Eli asleep on Savannah’s lap while travelling to our holiday destination.

Now all these many years later, Talisa and Eli have actually been “burdened” to care for Savannah, within their capacity. And shocker alert…there are days when Savannah is burdened by the bustle of two neuro-typical siblings. Their unstructured routines mess with hers and they encourage her to do crazy things like play cricket and then horror of horrors they want her to go out and mingle with people. They share insane plans with her about when Talisa has her drivers licence and how they will all three go out partying till late at night.

Oh and yes, those people were right. Our finances have been depleted because caring for someone with a disability in this country is not considered a human right but rather a fantastic opportunity to make money off desperate families who want to ensure their person with a disability is not deprived of care, medical attention and necessary supports. So we can’t give Talisa and Eli everything their hearts desire. However, often what their hearts desire is not what is necessary for a happy childhood. I sleep easy when I remind myself of that.

But maybe all those people were right. This life has been unfair to Talisa and Eli.

Savannah, Talisa and Eli on a recent visit to a Basothu Village.

Then I ask, what of the unfairness to the girl who was molested, watched domestic violence and adultery rip her family apart before she was thirteen, who was responsible for her parents marriage both in its existence and it demise, who was a cutter and a suicidal teenager and who understood guilt, rage and shame as normal. Why had no one told her parents that it was unfair to raise children that way?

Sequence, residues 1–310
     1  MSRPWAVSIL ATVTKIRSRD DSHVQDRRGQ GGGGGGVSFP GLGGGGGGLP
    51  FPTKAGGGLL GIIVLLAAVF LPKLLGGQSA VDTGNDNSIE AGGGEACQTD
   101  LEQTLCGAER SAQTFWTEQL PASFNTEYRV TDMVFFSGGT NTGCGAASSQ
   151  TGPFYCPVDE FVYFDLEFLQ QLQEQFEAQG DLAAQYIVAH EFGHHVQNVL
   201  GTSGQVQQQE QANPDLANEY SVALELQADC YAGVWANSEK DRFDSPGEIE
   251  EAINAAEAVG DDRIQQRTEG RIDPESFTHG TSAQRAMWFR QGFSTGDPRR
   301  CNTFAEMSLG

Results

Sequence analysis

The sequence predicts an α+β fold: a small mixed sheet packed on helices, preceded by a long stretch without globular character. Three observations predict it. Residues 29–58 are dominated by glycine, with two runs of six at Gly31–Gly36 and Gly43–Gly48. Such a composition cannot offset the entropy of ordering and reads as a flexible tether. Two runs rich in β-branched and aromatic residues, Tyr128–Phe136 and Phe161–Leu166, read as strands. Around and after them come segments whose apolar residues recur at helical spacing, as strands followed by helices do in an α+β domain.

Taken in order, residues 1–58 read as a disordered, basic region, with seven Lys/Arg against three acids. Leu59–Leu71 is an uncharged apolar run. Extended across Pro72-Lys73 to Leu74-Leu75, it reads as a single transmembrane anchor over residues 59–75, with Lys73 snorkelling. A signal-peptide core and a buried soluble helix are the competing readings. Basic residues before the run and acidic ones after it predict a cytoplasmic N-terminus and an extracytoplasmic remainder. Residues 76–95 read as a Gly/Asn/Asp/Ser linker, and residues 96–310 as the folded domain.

Quite simply because somewhere we have lost our way and have aligned good parenting to a standard of living that is defined by where we live, what we drive, where our children go to school, what brands we wear, what technologies we own and what level of entertainment we can afford. Good parenting is none of that. It is very simply having a relationship with your children where you see each other, honestly and openly. The CNN reporter Anderson Cooper said of his mother Gloria Vanderbilt after her passing “I knew her and she knew me. And there is great comfort in that”.

Now I am no expert, but if my heart is my guide I’m going to go out on a limb here and say Michael and I have done something right in how we fostered our children’s relationships with each other. Their lives speak these truths:

  • While I talk about Talisa studying away from home after her school career ends and if that is right for her; she is in no big hurry to leave home. People who have had this discussion with her are always touched by her contentment and that her personal plans do not include fleeing from her sister and us.
  • Both Eli and Talisa’s plans include having a family. They talk about marriage and children so matter-of-factly and with such pride, that I’m the one who is stunned wondering what is wrong with these children.
  • They frequently joke with each other and with Savannah about where Sunday lunch will be held when they are adults, and which of them will take Savannah shopping to get the salad ingredients. They fully expect her to contribute to the lunch by making a salad. You know if she doesn’t, it would be unfair (snigger).
  • This morning I overheard Eli telling Talisa, that he was up playing on his PS4 till late last night and he heard Savannah call. He said “I was glad to have heard her before dad, because atleast I got to her before he awoke. She just needed help to turn over.” When I approached him about it, he said: “Mum, stop making it weird. She is my sister. And I’m not emotionally scarred from helping her.”

So maybe Talisa and Eli have grown up too fast. Maybe they have more responsibility than they should. In light of what many children are allowed access to on television, the internet and in their gaming, as well as that many children are still living with domestic violence, narcissism and so much worse; I’m going to say that developing selflessness, compassion, kindness, empathy, loyalty and sibling love that no one will ever understand, is not the worst thing that can happen to my children. And no I don’t think it’s unfair to them at all.